Is there a stench of dead rat starting to percolate as the latest high profile drug row hits the headlines? The National Centre for Clinical excellence is once again vilified and demonised as the bogey man. It wasn’t so long ago that the highly emotional argument about Herceptin, the breast cancer drug, was raging with equal force. News coverage told how the drug was being held back rather than being openly available to sufferers in their fight against the evil disease.
This week we see a similar argument, this time levelled at donepezil, rivastigmine and galantamine – drugs which could help those suffering from Alzheimer’s disease. These drugs which could improve quality of life, will not be readily accessible on the basis of cost. Alzheimer’s disease groups and charities have condemned the decision, saying it disregards the quality of life for Britain’s elderly. The argument is highly emotive and it’s entirely natural that sufferers of this disease use every available means to fight for a semblance of good health, but there is another issue that is worth considering: who is the puppet master that pulls the strings and stands to benefit from this emotionally charged debate?
Step back and consider the awesome lobbying force of the drug companies who fight for lower prices for medicines and want to get them in the system as quickly as possible. PR and lobbyists for these drug industries are using ingenious means and stepping up spend in order to influence how to provide prescription drug benefits, as the debate intensifies. It can’t be ignored that NICE (National Institute for Health and Clinical Excellence) stands in their way; if margins are to be maintained, the billions spent on research and development of medicines has to be recouped. The global PR powerhouses lend a helping hand and are happy to plunder the pharmaceutical buck. It’s one of the most lucrative and less talked about arenas of PR. These willing hands are there to accept the cash, never mind the ethics, to fulfil a brief .
NICE (The National Institute for Clinical Excellence), is crucial for the drug companies. It is an independent body made up of doctors, scientific experts and the Department of Health and was set up to give verdicts on which drugs were cost effective for use in the NHS. The government invariably accepts its recommendations. Ministers claim not to be able to influence NICE, but these documents reveal that there has been a steady and constant flow of high level executives and lobbyists from drug companies. The pharmaceutical industry contributes to the UK’s economy on a grand scale. Its total investment in research and development in 2004 was more than £3.4 billion, which equates to around a quarter of the UK’s total manufacturing industry expenditure
The Guardian revealed that multinational drug companies have been lobbying ministers in an attempt to override the independent appraisal process in order to get their more expensive new medicines approved for large scale use in the NHS. For over eight months, senior executives from 10 drug companies, who were highly critical of the National Institute for Clinical Excellence (NICE), have been meeting ministers to urge for favourable decisions on their drugs. These are well organised and highly lucrative campaigns operated on a local and global level. Consider the organisation and the budgets needed to create the required avalanche.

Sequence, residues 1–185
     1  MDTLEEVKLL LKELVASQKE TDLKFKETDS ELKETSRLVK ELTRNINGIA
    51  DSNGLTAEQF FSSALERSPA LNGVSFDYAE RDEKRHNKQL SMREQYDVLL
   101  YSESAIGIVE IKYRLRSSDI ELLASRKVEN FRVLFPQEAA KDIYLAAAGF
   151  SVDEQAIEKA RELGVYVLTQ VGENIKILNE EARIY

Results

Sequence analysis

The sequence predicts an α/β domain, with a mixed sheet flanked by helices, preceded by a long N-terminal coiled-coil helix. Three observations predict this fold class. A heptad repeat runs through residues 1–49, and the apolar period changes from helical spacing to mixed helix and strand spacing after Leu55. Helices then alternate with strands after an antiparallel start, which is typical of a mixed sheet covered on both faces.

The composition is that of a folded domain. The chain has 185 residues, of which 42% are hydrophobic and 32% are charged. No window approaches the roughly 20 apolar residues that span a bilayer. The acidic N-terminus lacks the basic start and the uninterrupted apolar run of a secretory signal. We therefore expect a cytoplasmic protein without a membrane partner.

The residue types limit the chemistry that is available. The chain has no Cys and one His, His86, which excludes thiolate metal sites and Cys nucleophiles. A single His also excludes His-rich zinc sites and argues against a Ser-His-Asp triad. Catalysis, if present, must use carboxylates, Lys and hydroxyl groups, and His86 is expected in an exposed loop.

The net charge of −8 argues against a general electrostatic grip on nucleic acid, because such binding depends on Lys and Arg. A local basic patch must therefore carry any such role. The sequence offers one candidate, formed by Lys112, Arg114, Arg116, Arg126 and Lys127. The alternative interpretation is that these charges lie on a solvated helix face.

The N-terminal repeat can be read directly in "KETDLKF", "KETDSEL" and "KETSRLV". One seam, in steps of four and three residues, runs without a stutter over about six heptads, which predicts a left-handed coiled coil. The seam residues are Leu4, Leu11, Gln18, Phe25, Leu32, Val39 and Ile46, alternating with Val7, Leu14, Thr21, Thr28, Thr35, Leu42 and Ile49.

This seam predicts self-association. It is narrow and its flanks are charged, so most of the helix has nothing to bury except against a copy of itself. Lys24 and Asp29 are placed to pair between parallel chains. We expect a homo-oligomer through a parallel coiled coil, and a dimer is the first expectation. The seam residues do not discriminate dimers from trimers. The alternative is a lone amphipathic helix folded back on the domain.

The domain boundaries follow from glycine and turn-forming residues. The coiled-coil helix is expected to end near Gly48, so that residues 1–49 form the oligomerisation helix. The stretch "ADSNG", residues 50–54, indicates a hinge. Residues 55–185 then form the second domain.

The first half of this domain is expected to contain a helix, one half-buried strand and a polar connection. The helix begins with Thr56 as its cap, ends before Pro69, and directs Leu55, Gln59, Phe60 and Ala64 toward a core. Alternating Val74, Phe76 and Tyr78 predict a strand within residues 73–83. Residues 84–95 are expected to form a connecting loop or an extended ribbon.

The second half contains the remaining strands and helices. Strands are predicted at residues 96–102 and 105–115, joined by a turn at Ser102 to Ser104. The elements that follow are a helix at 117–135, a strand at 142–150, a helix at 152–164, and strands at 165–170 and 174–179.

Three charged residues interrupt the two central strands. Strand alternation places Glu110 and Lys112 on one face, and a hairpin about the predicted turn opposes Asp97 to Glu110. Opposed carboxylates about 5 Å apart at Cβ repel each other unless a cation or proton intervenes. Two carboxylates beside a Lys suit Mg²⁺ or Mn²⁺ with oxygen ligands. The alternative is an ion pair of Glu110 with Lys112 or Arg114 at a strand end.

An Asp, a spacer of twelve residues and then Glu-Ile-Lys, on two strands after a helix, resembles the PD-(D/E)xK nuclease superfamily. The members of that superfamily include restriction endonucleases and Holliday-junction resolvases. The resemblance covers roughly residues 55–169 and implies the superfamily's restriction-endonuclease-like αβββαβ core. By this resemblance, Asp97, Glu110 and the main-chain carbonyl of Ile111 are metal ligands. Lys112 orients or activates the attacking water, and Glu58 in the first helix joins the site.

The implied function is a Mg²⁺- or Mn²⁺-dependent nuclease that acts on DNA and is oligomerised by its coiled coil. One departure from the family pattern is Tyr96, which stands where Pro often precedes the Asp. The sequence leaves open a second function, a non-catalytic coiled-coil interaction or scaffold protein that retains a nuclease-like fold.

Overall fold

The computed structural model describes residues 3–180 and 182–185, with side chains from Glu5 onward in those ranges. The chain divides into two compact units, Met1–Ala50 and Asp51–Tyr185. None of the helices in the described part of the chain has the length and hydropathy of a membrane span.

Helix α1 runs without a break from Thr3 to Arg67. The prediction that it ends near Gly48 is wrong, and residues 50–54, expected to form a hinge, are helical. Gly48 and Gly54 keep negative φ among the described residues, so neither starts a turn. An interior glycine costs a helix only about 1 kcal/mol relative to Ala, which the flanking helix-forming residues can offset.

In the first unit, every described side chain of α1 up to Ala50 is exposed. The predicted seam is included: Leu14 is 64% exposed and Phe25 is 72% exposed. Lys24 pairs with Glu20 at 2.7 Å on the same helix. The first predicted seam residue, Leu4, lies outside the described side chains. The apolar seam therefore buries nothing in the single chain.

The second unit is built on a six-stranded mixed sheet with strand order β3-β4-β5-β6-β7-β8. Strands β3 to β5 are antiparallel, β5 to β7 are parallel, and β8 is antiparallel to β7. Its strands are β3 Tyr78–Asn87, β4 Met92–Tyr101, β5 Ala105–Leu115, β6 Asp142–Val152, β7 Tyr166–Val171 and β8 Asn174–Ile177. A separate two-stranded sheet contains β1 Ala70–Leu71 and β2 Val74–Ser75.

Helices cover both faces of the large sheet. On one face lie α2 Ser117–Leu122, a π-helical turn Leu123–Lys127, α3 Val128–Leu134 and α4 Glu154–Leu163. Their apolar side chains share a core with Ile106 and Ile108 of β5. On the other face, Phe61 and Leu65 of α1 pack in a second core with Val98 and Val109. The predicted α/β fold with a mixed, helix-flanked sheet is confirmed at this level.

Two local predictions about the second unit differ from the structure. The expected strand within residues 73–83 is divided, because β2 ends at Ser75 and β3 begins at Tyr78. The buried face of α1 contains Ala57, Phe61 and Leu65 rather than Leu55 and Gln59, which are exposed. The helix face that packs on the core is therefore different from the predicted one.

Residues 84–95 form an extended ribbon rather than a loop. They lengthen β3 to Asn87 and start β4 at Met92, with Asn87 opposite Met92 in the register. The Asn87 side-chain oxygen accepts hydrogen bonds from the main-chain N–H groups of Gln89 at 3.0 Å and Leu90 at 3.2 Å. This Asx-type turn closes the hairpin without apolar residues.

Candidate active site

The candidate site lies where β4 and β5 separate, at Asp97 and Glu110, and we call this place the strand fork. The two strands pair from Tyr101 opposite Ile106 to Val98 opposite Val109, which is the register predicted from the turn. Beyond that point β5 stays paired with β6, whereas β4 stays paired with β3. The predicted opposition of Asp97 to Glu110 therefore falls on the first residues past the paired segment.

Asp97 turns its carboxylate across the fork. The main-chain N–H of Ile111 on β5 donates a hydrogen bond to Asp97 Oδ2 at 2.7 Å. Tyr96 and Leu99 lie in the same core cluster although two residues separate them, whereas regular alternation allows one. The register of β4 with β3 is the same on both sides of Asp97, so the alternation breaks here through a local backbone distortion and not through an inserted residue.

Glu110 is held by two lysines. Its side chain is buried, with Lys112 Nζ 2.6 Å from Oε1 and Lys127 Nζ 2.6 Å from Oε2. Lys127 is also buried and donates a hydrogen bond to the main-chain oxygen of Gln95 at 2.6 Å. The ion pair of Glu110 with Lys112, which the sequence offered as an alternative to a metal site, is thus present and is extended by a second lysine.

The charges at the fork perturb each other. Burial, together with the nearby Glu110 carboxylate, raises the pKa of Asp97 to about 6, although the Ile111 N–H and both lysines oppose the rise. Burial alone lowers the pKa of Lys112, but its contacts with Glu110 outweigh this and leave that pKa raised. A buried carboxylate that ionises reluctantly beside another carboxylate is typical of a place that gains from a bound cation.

NICE had originally allowed Pfizer’s Alzheimer’s drug to be used, then turned their decision around saying their drugs should only be used in a minority of cases with only moderate disease. Pfizer, naturally unhappy with the turn of events, went on to claim that NICE’s methods and processes were flawed and demanded a meeting whereby all companies making drugs for Alzheimer’s could put their case forward. The documents for the meeting outlined Pfizer’s net wealth which in 2004 was over $11 billion.
If we evaluate NICE , its core role for all its bureaucratic rigour is as an “ independent organisation responsible for providing national guidance on the promotion of good health and the prevention and treatment of ill health”. This is against the interests of the drug giants who want to get their products to market as soon as possible. History has a few lessons; wasn’t thalidomide supposed to be a wonder pill? From 1956 to 1962, approximately 10,000 children were born with severe malformities including phocomelia, because their mothers had taken thalidomide during pregnancy.
One of the key PR tricks is to use lobby groups to stimulate debate, and the ever increasing use of the web has to be marvelled at ! Websites may prove to be the tool of the future for pharmaceutical disease awareness PR. Studies show that nearly 80 percent of web users have searched this largely unregulated arena for health care information, and drug companies have taken notice. More dubious practices by drug companies include developing front websites that appear to have non-commercial sponsors. For example, sites for the Erectile Dysfunction Institute (EDI) , and the Prostate Cancer Institute (PCI) were both part of the drug company Pfizer’s Viagra marketing campaign, and include links that direct potential consumers to their products. Sobering thoughts; so as the debate about the sluggishness and inconsistency of NICE takes hold and poignant hostages are produced, consider the price of crystallising opinion.